Canterbury welcomes New England cottontail rabbits
By Denise Coffey - Staff Writer
Canterbury - posted Mon., Aug. 26, 2013
Quinebaug Kennels is at the end of a dirt drive that winds through a few acres of woods in Canterbury. There are signs posted to drive slow; dogs may be exercising, they read. Fields lie on either side of the road where owner Jennifer Broome puts her dogs through their paces. She raises and trains black Labs and German shorthaired pointers and provides obedience training for those who need help with their dogs. She and husband Jason Smith do this on a bucolic 100-acre farm. But they will soon clear-cut more than 12 acres of the pristine land.
The conservation-minded couple has been approved to participate in a region-wide restoration initiative to save what's left of the New England cottontail rabbit. It is currently a candidate species for listing under the Endangered Species Act. Their land could be a key piece in Connecticut's effort to keep the rabbit off that list. Clear-cutting would provide the type of habitat that the rabbit needs to survive.
The New England cottontail is not the same as the Eastern cottontail, a species introduced into the area for hunting purposes in the early 1900s. The Eastern cottontail has thrived while the New England cottontail has declined. Part of the reason is loss of habitat. While Connecticut has 60 percent forestland (78 percent in the northeastern section of the state), it isn't enough. Those forests are mature and they provide little nesting and feeding opportunities for the rabbit. There has been an 86-percent decline in its population, according to some estimates. As a result, state and federal agencies have teamed up with universities across the region to save the species.
Connecticut has a globally significant New England cottontail population, according to Judy Wilson, a wildlife biologist with the Department of Energy and Environmental Protection. “We have a special place in this scheme,” she said. Patchaug State Forest has been ranked the number-one site in the entire region, and an 111-acre clearing will begin there in the fall.
Twelve focus areas have been identified in the state using known and historical locations of the species. Those areas with their particular landscape features show potential for good habitat. And because there are large patches of state parks, land trusts and protected lands, the hope is that Connecticut will serve as an important springboard for the species recovery. Key indicators have been found in Torrington, Litchfield, Paugussett State Forest in Newtown, and private properties in both Stonington and Lyme. Results are still pending for 80 samples collected from the Scotland-Canterbury Focus Area.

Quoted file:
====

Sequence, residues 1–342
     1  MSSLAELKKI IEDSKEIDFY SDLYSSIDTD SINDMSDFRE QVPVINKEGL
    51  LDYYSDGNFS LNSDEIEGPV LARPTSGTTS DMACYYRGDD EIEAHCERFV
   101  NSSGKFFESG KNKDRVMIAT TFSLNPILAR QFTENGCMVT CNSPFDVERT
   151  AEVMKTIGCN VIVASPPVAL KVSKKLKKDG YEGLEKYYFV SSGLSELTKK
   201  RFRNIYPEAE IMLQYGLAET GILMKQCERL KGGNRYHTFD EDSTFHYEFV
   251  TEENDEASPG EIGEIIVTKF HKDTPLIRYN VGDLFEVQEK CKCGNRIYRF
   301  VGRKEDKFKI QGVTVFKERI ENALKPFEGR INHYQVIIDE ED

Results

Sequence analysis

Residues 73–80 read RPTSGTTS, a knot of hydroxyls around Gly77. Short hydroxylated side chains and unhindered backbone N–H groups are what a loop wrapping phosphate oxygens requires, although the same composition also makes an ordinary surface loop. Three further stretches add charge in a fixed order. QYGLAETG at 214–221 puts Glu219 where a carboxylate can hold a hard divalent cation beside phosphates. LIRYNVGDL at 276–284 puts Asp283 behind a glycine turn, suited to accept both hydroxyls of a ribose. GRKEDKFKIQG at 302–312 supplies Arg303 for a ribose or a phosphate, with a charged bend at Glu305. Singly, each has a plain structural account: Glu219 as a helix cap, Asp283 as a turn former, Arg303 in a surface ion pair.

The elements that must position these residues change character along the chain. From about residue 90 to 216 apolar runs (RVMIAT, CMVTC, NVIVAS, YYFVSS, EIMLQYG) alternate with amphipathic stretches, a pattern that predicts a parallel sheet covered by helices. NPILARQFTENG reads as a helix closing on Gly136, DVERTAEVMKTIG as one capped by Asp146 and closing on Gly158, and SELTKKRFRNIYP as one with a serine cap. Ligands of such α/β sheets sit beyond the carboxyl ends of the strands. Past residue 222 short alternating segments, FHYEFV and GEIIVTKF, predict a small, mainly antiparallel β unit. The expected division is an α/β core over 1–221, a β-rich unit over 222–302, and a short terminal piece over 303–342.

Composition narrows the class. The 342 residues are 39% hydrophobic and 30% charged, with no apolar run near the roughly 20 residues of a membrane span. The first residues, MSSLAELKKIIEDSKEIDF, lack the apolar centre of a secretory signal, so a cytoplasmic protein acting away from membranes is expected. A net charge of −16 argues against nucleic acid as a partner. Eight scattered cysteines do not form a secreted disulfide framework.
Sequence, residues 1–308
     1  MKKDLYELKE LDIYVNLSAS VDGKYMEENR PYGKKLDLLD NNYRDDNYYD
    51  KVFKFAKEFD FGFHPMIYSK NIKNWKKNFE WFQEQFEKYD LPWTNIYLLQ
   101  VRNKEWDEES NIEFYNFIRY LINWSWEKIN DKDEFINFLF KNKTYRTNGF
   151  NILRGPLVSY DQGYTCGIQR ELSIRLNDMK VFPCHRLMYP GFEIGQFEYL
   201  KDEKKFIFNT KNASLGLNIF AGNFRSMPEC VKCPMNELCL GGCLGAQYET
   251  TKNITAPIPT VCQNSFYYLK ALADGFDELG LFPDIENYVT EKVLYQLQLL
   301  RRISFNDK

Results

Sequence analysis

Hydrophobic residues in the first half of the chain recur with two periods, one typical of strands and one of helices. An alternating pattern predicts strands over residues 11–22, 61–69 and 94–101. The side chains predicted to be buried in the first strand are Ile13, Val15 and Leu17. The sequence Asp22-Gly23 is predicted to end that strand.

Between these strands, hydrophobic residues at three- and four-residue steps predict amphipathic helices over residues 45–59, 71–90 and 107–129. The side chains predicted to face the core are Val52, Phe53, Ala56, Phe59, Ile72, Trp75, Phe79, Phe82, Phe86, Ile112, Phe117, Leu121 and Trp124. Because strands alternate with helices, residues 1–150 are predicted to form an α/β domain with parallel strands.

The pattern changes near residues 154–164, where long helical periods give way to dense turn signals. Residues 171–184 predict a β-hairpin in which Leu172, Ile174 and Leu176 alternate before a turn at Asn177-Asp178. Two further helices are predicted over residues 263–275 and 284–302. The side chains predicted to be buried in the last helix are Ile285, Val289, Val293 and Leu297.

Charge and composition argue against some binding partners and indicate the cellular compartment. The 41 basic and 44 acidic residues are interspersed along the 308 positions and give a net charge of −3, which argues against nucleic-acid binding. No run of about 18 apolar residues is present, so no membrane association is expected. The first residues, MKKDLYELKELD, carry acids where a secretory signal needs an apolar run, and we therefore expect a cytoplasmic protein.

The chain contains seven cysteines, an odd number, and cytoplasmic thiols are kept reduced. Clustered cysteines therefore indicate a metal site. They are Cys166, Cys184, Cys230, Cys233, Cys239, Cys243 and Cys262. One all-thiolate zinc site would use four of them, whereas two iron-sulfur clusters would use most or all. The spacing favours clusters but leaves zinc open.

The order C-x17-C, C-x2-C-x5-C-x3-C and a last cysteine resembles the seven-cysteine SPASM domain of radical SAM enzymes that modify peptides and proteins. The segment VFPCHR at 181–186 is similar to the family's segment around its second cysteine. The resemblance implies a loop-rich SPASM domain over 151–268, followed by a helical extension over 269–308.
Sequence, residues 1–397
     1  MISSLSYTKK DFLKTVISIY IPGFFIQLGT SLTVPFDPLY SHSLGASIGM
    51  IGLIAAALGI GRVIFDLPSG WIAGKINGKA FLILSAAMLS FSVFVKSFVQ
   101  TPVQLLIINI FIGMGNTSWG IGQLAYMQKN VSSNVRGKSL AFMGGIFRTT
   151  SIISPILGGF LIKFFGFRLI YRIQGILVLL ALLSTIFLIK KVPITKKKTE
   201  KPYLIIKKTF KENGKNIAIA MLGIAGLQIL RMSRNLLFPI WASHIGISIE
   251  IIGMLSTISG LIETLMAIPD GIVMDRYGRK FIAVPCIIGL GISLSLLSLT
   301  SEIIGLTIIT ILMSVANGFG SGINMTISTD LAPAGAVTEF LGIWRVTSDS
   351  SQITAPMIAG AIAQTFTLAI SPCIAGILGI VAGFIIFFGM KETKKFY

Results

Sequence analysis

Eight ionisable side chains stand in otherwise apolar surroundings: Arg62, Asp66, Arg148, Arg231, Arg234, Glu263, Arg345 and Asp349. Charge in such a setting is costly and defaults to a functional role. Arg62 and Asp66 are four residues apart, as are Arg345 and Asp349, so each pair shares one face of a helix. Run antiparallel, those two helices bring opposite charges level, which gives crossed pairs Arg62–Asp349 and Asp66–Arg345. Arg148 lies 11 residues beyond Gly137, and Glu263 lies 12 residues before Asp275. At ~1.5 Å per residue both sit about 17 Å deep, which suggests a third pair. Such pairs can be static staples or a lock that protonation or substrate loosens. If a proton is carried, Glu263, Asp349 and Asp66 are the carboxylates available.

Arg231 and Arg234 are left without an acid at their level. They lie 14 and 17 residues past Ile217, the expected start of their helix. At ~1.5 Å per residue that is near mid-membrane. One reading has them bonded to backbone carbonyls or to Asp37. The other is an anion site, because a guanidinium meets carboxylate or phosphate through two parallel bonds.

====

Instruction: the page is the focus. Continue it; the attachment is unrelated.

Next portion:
What the rabbits need are young forest habitats. They need thickets, seedling and sapling growth, young forest shrubs. “If you can't walk in it, it's probably good for them,” Wilson said. And because there are so few areas in the state that provide that, part of Wilson's job is to reach out to landowners who might be interested in participating in the project.
While not a focus area, Broome and Smith will participate in the project because they believe in their responsibility as stewards of the land. And while the clear-cutting will benefit New England cottontails, it will also benefit a host of other birds and animals that need early successional habitat to survive.
Broome has a bachelor's of science degree in wildlife biology and management. She is also an avid hunter. Her goal is to create different environments conducive to other species. Forty-seven other species that require the same type of habitat as the New England cottontail are designated as having a conservation need in the state. Clear-cutting will help them as well.
She and Smith were approved for the program after a team from the University of Connecticut and the Natural Resource Conservation Service surveyed their property. They prepared a management plan that called for clearing 12 acres as well as pathways around wetlands so the animals could move from one area to another. They also provided a list of recommendations for them to follow. Funds for the initiative will help pay for the clearing work.
“I'm a conservationist,” Broome said. “I love wildlife in general. Other species will benefit from this, and it would be great to start providing habitat to bring those other species back. To have a project like this where it's going to benefit a variety of species, to me is fantastic.”
The NRCS is still encouraging landowners to submit applications for potential projects. Contact Paul Rothbart, NEC Project Manager, at firstname.lastname@example.org or Judy Wilson, NEC Project Biologist at email@example.com.